Sailing column: Bumper fleet battling it out in Kinsale

Healthy turnout of 109 boats at the ICRA National Championships and Sovereign Cups

A turnout of 109 entries at this week's ICRA National Championship and Sovereigns Cup marks a healthy 15 per cent increase in fleet size compared to two years ago at Kinsale.

And in two weeks’ time, the Volvo Dun Laoghaire Regatta looks set to top the 400-boat mark. The state of the sailing nation appears healthy.

But there is still a cause for concern. The issue is that of travelling boats for away regattas and persuading owners and crews to commit to both attend and arrange delivery to and from the venue.

Significant efforts have been made to get boats from around the country to enter for Kinsale and the response has been good – with interest from the UK as well.


That has resulted in one of the most competitive championships in recent years with a noticeable shift away from the bigger boats to mid-size yachts where the biggest numbers have turned out. The Royal Irish Yacht Club and Howth Yacht Club field teams of 17 and 15 boats respectively this week. As a result, both clubs dominate in nearly all the classes at Kinsale.

Given that support, from Dublin and indeed nationwide, it might follow that the Cork region would have a strong reciprocal turn-out in Dun Laoghaire.

Not so, it seems.

While traditionally Irish sailing has been dominated by a Cork/Dublin axis, turnouts in the southern capital have been suffering since the recession. The numbers of boats apparent in Cork Harbour and at events such as Sovereigns Week suggest that the boat population remains potentially strong – but curiously unwilling to travel in the numbers of times past.

For Dun Laoghaire, just three boats have entered from the Cork area: Conor Phelan's Class Zero flagship Jump Juice from the Royal Cork Yacht Club, Alan Harper's Sigma 33 Leaky Roof from Cove Sailing Club and Conor Doyle's Freya from Kinsale YC while Adrian Lee and Jack Buttimer (Youghal Sailing Club) have both entered GP14 dinghies.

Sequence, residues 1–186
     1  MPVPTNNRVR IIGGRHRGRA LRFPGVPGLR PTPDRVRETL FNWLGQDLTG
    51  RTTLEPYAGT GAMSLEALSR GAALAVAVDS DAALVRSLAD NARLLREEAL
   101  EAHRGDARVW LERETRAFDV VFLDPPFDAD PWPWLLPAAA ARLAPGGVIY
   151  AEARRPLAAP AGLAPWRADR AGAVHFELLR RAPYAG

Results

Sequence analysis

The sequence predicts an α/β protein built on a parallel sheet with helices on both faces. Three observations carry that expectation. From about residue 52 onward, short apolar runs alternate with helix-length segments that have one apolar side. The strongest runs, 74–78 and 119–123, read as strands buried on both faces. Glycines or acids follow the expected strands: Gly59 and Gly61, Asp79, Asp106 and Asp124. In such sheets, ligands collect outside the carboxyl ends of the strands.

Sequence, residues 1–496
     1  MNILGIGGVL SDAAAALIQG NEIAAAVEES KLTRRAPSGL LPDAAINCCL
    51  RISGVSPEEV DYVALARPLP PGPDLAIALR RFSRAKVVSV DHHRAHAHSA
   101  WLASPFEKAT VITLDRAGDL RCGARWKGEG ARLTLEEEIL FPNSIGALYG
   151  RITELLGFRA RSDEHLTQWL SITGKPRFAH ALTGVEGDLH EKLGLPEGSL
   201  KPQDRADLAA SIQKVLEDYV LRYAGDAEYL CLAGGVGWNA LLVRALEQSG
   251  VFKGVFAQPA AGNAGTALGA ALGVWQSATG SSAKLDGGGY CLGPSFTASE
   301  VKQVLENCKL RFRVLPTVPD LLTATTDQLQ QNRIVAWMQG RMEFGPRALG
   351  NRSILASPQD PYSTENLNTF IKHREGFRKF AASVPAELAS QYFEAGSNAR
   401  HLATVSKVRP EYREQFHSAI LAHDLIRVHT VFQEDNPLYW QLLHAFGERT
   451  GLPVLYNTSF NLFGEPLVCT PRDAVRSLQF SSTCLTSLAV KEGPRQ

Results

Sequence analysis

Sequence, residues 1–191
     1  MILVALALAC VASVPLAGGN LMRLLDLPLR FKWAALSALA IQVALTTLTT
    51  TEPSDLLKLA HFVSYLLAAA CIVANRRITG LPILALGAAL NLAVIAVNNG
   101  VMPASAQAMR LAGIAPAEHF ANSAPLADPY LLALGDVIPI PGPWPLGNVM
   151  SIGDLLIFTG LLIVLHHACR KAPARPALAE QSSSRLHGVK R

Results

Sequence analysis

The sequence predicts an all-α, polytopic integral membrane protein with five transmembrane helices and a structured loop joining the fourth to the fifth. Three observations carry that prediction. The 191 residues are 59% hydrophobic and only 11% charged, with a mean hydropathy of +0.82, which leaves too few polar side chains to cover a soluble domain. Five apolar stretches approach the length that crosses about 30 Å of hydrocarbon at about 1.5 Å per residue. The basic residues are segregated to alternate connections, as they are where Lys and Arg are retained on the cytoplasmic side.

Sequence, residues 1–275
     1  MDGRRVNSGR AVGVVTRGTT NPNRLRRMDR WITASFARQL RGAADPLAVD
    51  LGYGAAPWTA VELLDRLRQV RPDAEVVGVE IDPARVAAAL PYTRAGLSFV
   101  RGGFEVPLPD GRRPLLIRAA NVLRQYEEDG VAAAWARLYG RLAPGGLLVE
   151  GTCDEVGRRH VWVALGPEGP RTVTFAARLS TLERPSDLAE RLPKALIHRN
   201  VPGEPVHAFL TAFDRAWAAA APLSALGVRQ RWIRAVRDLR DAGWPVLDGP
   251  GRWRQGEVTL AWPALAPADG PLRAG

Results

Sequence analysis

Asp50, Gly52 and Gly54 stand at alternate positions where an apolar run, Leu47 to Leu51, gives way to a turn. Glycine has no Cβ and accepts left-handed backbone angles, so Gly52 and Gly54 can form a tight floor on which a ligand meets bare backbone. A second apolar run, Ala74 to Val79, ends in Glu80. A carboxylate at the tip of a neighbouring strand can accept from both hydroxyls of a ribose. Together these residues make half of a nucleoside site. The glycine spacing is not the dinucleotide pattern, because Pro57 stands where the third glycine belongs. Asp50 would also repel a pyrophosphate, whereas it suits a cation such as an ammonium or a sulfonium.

But could the explanation lie elsewhere rather than pointing the finger at boat-owners unwilling to commit to travelling?

“If you go out sailing in Cork Harbour these days, the fleets are a shadow of what they once were ten or 20 years ago,” said Cork sailmaker Des McWilliam. “Half the youth in Cork now live in Dublin and while the skippers would readily go out, unfortunately “the staff” just aren’t there.”

Ireland’s shifting demographics has seen a spread of interest and even growth in regional clubs around the country but a decrease in racing activity for the cruiser fleets around the traditional stronghold of Cork Harbour.

A cyclical anomaly may yet see a return to growth and the resurgence of interest in classes such as the National 18 footers as well as the RS dinghy fleets.

Meanwhile yesterday breezier conditions off the Old Head of Kinsale yesterday refreshed the standings across most of the classes competing in the ICRA Nationals Sovereigns Cup .

A single event discard comes into force when today’s two races are sailed meaning the standings could be altered significantly.

This is certain to affect Andy Williams visiting Ker 40 Keronimo from Plymouth that retired from yesterday’s first race after threats of protests from other Division Zero boats when he sailed the wrong way around a mark.

Williams would otherwise have registered a third win in the series he seems set to dominate. ICRA Commodore Norbert Reilly leads the rest of the pack on Crazy Horse from Howth YC while Conor Phelan’s Jump Juice ( Royal Cork YC) is a close challenger.

In Division 1 just a point now separates Ian Nagle’s Jelly Baby ( Royal Cork YC) from rivals Joker 2 ( Royal Irish YC in Dun Laoghaire). Fools Gold from Waterford Harbour hold third after a race win and a third place yesterday.

In Division 2, David Cullen on Checkmate XV was deposed from the overall lead by his Howth clubmate Ross McDonald who registered double race wins yesterday.

David Branigan

David Branigan

David Branigan is a contributor on sailing to The Irish Times